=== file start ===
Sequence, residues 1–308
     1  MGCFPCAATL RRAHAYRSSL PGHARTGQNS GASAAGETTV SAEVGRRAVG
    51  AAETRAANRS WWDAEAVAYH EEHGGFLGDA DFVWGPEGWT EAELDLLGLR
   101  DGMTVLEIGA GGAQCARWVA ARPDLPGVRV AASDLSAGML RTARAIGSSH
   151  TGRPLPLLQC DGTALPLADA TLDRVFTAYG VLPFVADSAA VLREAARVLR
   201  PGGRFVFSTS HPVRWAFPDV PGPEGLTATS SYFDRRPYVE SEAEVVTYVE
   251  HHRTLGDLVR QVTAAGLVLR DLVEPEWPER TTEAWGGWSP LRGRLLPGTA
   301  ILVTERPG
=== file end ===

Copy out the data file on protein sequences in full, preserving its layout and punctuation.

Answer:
Sequence, residues 1–308
     1  MGCFPCAATL RRAHAYRSSL PGHARTGQNS GASAAGETTV SAEVGRRAVG
    51  AAETRAANRS WWDAEAVAYH EEHGGFLGDA DFVWGPEGWT EAELDLLGLR
   101  DGMTVLEIGA GGAQCARWVA ARPDLPGVRV AASDLSAGML RTARAIGSSH
   151  TGRPLPLLQC DGTALPLADA TLDRVFTAYG VLPFVADSAA VLREAARVLR
   201  PGGRFVFSTS HPVRWAFPDV PGPEGLTATS SYFDRRPYVE SEAEVVTYVE
   251  HHRTLGDLVR QVTAAGLVLR DLVEPEWPER TTEAWGGWSP LRGRLLPGTA
   301  ILVTERPG